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Kids & Colds

What's a Parent to Do?

The clock is blinking 2:00 a.m. as you drag yourself out of bed. Baby has a cold, and if baby doesn’t sleep, nobody sleeps. As you stumble to the crib, you have that sense of parental helplessness, wondering if there is anything you can do. Before this leads you to the medicine cabinet, think again.

Repeated studies have failed to show the efficacy of over the counter (OTC) cough and cold preparations. They simply do not work, and in little ones, they may make matters worse. In infants, drying up secretions can make the mucous thicker and harder to clear. A cough is a protective respiratory reflex that guards little lungs and should not be suppressed.

Furthermore, these preparations have been attributed to serious and life threatening side effects. A report from the Centers for Disease Control stated that from 2004 to 2005, roughly fifteen hundred children under two were treated in emergency rooms nationwide for adverse events related to cough and cold medications. The publication went on to say that three deaths in infants under six months were attributed to use of these products.

In October 2007, David Bromberg, M. D., appeared before joint committees of the FDA on behalf of the American Academy of Pediatrics (AAP). “In children, under six years,” Bromberg said, “there is direct evidence that cough and cold medications do not work, and some indirect evidence that cough and cold products present a risk.”

Several months later, an FDA public health advisory recommended that OTC cough and cold products not be used to treat children under the age of two. The agency also committed to conducting further studies regarding the use of these products for kids from two to eleven.

You might be asking, “But what can we do? After all, it is the middle of the night!” Many of the home remedies we have used through the years are much more effective than the marketed elixirs. They include saline nose drops and bulb suction, elevating the head of the bed, and chest physical therapy. Reducing fever with acetaminophen or ibuprofen (if your infant is over six months) may help them rest or take fluids better.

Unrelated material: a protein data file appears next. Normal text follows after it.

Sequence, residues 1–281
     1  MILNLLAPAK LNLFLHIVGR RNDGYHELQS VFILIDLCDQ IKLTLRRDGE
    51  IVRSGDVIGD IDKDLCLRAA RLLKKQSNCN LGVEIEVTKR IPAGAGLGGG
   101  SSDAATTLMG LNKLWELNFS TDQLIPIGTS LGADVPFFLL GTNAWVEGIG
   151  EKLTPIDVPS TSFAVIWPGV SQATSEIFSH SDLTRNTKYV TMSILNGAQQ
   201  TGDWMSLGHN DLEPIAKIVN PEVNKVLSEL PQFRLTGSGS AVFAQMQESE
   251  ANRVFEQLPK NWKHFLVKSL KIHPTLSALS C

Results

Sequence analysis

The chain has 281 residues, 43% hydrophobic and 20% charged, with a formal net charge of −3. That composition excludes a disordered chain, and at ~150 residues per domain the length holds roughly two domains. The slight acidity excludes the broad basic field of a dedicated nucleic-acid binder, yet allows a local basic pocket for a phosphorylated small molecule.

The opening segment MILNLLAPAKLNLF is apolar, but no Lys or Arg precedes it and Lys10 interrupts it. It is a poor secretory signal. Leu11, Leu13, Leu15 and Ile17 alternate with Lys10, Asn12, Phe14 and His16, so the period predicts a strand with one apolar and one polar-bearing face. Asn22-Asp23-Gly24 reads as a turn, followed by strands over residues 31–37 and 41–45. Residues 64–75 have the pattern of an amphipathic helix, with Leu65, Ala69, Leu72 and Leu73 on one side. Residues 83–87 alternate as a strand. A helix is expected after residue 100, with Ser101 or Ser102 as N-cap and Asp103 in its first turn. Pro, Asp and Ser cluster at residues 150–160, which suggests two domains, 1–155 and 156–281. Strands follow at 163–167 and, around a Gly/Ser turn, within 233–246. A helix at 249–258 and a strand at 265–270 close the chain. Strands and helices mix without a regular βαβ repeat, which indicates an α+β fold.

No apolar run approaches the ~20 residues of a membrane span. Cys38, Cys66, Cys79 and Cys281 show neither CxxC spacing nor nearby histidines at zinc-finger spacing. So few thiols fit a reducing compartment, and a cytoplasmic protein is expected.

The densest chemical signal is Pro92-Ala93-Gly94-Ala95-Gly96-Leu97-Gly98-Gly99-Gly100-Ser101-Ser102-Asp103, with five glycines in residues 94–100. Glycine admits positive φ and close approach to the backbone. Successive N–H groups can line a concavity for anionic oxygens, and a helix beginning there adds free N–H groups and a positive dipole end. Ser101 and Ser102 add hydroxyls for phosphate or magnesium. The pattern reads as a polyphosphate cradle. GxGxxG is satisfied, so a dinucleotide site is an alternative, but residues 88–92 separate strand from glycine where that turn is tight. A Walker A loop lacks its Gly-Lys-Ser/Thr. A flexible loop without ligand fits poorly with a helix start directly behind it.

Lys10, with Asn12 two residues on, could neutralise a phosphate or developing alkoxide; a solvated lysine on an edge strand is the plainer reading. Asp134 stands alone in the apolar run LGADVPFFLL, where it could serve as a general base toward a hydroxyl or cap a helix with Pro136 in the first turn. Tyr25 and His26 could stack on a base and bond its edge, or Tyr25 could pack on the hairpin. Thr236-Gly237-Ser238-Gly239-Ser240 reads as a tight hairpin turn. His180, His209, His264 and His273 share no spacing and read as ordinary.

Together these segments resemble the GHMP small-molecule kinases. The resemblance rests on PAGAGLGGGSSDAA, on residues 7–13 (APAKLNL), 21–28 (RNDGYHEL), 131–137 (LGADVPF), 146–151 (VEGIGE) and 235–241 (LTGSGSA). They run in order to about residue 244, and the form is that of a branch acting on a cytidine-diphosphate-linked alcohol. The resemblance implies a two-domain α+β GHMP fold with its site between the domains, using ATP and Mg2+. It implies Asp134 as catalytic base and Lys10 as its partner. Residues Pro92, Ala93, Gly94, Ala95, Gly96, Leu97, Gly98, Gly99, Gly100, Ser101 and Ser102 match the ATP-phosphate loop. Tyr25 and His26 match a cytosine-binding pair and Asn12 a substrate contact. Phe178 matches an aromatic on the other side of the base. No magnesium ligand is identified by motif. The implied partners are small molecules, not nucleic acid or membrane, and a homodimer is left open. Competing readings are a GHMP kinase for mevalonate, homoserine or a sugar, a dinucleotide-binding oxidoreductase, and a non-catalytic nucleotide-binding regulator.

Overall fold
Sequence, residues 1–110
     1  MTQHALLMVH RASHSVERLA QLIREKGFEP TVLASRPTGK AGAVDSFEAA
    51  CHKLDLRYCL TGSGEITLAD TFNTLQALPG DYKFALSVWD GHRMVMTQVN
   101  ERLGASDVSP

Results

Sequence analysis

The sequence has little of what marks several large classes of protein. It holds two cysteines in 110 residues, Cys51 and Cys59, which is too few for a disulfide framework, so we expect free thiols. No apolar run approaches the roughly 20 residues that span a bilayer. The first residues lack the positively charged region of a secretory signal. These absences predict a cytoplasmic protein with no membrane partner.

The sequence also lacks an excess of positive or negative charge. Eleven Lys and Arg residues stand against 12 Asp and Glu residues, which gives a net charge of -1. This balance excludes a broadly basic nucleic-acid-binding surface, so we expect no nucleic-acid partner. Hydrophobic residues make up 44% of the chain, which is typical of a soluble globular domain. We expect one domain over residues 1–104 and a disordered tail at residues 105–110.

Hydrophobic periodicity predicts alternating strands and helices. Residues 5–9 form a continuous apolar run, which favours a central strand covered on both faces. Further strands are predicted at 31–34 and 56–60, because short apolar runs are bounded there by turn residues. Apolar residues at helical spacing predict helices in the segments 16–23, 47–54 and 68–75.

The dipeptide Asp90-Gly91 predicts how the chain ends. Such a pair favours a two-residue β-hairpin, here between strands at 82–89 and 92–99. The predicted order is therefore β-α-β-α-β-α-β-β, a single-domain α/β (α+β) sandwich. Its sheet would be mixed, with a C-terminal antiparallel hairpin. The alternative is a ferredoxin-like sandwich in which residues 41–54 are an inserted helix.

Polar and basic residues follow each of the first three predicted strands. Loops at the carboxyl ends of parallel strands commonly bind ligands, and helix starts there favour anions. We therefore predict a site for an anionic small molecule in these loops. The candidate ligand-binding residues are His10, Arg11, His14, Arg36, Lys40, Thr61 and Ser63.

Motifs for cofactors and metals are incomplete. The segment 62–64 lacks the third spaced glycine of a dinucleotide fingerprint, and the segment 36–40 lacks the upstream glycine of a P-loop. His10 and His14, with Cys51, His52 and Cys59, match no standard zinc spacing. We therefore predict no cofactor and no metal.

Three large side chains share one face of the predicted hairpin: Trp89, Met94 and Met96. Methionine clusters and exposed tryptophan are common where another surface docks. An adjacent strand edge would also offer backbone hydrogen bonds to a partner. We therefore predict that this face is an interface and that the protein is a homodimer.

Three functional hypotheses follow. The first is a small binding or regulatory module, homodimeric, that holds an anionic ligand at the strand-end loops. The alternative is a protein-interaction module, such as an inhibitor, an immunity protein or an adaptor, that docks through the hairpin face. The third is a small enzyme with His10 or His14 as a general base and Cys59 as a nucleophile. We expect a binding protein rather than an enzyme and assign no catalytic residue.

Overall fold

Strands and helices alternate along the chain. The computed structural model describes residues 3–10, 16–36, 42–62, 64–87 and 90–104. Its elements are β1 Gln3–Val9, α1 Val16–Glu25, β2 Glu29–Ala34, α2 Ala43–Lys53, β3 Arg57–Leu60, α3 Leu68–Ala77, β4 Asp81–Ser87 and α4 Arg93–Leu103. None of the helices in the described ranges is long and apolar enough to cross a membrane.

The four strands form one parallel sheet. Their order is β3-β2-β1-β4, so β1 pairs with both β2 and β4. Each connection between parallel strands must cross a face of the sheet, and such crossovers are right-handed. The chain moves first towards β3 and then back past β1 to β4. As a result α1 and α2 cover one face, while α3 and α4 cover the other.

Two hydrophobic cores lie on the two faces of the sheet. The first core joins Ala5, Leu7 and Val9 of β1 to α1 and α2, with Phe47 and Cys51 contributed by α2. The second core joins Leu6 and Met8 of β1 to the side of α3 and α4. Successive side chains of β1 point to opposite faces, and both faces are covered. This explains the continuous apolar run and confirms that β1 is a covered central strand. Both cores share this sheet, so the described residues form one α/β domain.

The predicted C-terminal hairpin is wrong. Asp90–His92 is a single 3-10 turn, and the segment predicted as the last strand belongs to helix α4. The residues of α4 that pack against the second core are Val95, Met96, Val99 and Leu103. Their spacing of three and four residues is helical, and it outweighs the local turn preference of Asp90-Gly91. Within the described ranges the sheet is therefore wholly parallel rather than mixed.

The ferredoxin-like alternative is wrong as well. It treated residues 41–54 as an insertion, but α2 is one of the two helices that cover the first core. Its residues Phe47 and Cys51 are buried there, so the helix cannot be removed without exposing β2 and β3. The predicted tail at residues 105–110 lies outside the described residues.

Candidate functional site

Some pediatric providers recommend a cool mist humidifier. I like to offer more humidity through a shower treatment. Take your child into a very steamy bathroom. Let them nurse or sip warm juice if they are old enough. This may break the cycle of the cough and soothe irritated airways. Look for these suggestions and others on the AAP website:

Remember, the typical cold may last anywhere from one to two weeks. You don’t have to go it alone. It is never a mistake to consult your pediatric health care provider. This is particularly important if your child has a fever and is under four months old, persistently cranky, lethargic or sleeping poorly, breathing rapidly, coughing excessively, working harder to breathe, not taking fluids well, or causing you extra concern.

When in doubt, remember this: You know your baby best, and pediatric providers take your concerns very seriously.

Laura Duke, CPNP, is a pediatric nurse practitioner and lactation consultant at Pediatric Associates of Richmond, Inc. She is the mother of three girls.
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